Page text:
Some seeds are welcome:
|Wild cherries. The birds will love them, and spread the seeds all around the meadow.|
|That tiny rabbits-foot clover, still good to look at, with tiny orange seeds on each bit of fluff.|
|Field pennycress, Thlapsi arvense. The flowers are white, but on some of the plants, the seed pods have turned pink.|
|Two different plants, both unidentified.|
|Sea rocket, Cakile edentula. Look good enough to eat.|
According to Wikipedia, the leaves of sea rocket are edible. Another one to try.
And some seeds are not so pleasant.
|Large-headed sedge, Carex macrocephala. Those spines are hard and sharp, enough to scratch an ankle as I walk past.|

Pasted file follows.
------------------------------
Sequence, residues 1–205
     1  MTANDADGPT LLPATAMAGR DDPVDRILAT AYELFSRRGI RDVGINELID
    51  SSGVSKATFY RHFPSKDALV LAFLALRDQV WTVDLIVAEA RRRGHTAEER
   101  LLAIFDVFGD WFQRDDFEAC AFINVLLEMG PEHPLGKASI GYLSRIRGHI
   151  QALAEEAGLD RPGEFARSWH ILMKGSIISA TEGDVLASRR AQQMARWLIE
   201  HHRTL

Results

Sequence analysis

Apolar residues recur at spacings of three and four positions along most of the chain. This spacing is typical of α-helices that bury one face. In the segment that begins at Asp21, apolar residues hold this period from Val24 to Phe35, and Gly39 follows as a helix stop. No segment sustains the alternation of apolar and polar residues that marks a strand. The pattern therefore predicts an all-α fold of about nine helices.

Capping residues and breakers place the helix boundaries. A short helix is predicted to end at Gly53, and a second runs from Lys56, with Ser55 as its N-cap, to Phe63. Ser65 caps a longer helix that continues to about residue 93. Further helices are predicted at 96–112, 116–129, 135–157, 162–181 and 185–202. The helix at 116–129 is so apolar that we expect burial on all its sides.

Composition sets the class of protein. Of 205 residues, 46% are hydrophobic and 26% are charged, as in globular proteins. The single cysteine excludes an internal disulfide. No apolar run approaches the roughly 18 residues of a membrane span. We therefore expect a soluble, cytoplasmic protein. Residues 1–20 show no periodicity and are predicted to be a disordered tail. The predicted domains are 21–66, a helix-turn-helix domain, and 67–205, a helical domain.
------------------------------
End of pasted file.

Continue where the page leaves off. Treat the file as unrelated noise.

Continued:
And this is the worst I've found this year:
|Silver burweed, Ambrosia chamissonis, looking innocent.|
These are the male flowers. They line up in clusters on the tall stalks. A bit hairy, always speckled with sand because they're slightly sticky and catch anything blowing in the wind, but otherwise attractive enough.
The female flowers are towards the bottom of the spikes, crowded into leaf bracts, and soon crowned with the growing burrs.
|Developing seed packets.|
The burrs dry, turn brown and hard, and fall to the ground, where they become invisible and where they soon find a passing sandal and dig in. Those spines are sharp! Several times, I jumped and yelped, feeling as if I'd been bitten by something dire, then hopped to a support, took off my sandal, and had to pull the spines out of my skin. They don't just shake off.
Rabbits frequent this area. I've found their droppings everywhere. I wonder how those spines feel on their tender feet.